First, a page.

Learn more about the Francois langur baby at the Lincoln Park Zoo website.

Baby Hippo at Taronga Western Plains Zoo

Baby hippo

A baby hippo was born on September 11 at the Taronga Western Plains Zoo. Photo by Anthony Dorian / Taronga Western Plains Zoo.

A baby hippo made its grand entrance at the Taronga Western Plains Zoo in Dubbo, Australia.  Born to mother Cuddles and father Mana on September 11, the calf weighs 40 kg. The sex of the newborn has yet to be determined by zoo staff.

“It’s very much early days still, so we are keeping a close eye on both mum and calf, but so far Cuddles is proving to be a good, attentive mother,” said Hippo Keeper, Carolene Magner.

She added, “Over the coming months we will start to see the calf grow and develop more and hopefully start to come out of the water with its mother at feed time.”

Baby hippo and mama

Photo by Anthony Dorian / Taronga Western Plains Zoo.

Baby hippo and mama

Photo by Anthony Dorian / Taronga Western Plains Zoo.

To learn more about the hippo calf, see the Taronga Western Plains Zoo website.

For more information about hippos, see our hippo facts article.

Red Panda Cub Arrives at Nashville Zoo

Red panda cub

Photo by Nashville Zoo.

On July 3rd, Nashville Zoo welcomed a new fuzzy face- a female red panda cub! Both the cub and her mother are doing well in their off exhibit den.

“This is the first birth of a red panda at Nashville Zoo, so it is certainly cause for celebration,” said Karen Rice, carnivore supervisor. “Though the cub can’t be seen on exhibit right now, we hope she will make her debut this fall and bring attention to the fight to save this species.”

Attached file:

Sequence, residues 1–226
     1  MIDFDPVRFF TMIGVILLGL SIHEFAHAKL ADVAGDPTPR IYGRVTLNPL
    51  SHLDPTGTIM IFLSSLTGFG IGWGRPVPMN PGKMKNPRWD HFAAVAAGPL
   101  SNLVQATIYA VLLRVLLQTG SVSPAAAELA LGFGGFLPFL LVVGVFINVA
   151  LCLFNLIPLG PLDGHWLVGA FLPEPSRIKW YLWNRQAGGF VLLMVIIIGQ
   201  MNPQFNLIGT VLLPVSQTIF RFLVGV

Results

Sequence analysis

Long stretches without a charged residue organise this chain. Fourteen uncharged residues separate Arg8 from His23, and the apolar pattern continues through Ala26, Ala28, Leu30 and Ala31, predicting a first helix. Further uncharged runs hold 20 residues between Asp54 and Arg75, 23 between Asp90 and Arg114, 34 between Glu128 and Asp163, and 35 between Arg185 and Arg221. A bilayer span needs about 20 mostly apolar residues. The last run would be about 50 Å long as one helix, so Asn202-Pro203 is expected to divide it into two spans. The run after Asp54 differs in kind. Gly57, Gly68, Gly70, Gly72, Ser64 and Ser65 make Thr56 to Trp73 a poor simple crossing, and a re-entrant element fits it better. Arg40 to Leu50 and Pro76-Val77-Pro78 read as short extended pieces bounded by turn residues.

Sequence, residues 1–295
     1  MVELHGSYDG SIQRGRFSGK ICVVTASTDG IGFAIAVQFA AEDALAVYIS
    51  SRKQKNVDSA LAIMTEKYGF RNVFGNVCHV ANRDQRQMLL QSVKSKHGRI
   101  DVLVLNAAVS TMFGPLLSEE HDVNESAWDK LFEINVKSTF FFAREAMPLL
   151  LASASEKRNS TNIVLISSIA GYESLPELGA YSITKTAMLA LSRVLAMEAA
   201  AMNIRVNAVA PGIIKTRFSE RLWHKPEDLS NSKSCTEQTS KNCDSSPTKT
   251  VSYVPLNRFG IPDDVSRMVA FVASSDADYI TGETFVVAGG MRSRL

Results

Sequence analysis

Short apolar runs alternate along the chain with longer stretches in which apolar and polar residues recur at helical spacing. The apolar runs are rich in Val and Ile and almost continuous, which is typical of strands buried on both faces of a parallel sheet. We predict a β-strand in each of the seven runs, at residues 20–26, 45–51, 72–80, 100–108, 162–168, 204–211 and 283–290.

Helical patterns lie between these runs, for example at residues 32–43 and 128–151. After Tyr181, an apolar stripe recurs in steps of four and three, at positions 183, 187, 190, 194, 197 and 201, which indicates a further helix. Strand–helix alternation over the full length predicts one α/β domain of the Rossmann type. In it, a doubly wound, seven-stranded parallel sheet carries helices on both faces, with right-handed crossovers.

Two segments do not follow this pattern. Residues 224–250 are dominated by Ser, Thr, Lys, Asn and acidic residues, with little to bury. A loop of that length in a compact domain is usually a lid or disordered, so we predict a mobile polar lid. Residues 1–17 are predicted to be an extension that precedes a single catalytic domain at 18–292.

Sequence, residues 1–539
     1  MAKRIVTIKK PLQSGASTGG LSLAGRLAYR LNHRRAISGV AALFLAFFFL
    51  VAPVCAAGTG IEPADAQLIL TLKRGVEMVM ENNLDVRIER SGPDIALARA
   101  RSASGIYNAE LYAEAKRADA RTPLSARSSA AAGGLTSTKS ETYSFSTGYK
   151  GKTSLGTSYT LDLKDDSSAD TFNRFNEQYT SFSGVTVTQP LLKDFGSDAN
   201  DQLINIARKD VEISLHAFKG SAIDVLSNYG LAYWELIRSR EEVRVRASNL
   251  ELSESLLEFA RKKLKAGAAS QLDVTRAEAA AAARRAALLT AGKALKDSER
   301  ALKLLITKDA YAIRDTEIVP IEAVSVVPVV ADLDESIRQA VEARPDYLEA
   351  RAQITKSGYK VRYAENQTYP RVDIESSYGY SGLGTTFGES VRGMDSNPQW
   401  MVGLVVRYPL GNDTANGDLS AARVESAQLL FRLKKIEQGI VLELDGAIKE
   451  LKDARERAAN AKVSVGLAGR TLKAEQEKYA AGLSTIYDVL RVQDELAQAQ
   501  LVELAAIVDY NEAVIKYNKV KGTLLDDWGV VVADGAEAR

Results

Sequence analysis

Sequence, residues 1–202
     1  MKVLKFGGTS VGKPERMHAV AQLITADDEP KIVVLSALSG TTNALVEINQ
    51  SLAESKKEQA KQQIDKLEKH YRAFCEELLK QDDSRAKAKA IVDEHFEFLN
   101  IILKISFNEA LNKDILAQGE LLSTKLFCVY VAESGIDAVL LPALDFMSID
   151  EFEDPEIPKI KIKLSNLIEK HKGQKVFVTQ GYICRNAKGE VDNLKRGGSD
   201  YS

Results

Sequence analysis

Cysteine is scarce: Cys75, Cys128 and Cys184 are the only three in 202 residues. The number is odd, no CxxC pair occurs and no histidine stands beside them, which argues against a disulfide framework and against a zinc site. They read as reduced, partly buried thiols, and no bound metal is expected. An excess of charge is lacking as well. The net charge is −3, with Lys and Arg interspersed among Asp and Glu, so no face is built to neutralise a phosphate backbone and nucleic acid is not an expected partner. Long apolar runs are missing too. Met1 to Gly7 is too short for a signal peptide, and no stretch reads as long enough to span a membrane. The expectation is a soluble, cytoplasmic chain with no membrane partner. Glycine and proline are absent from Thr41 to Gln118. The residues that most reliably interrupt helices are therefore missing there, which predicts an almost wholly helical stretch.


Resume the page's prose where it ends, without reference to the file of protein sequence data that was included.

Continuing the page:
Red pandas are considered vulnerable of extinction. In the wild, they inhabit the mountains of central China, Nepal, and northern Myanmar.  Threats to their survival include habitat loss and high infant mortality rates.

The Nashville Zoo’s red panda pair are part of AZA’s Species Survival Program, which is a breeding program that aims to produce a self-sustaining, genetically diverse captive population.

For more information about the red panda cub, visit the Nashville Zoo’s blog.

Koala Joey Makes Appearance at Taronga Western Plains Zoo

Koala joey

Say hello to Rosea, the baby koala who recently emerged from her mother’s pouch at the Taronga Western Plains Zoo. Photo by Natacha Richards, Taronga Western Plains Zoo.

At the Taronga Western Plains Zoo in Dubbo, Australia, visitors got the first glimpse of a new fuzzy face! A female koala joey, named Rosea after a species of flowering eucalypt, emerged from her mother’s pouch.

“Rosea is approximately eight-months-old and is a little shy at present, preferring to stay close to mum’s chest but in the coming months will start to move on to her mother’s back,” said keeper Natacha Richards.

The zoo has two more koala joeys and many wallaby joeys that have yet to emerge from their mothers’ pouches.  So visitors to the zoo will have a lot to look forward to!

Koala joey

Photo by Jackie Stuart, Taronga Western Plains Zoo.

Koala joey by Rachel Hanlon_3

Photo by Rachel Hanlon, Taronga Western Plains Zoo.

Learn more about the koala joey at the Taronga Western Plains Zoo website.

For more information about koalas, see our koala facts article.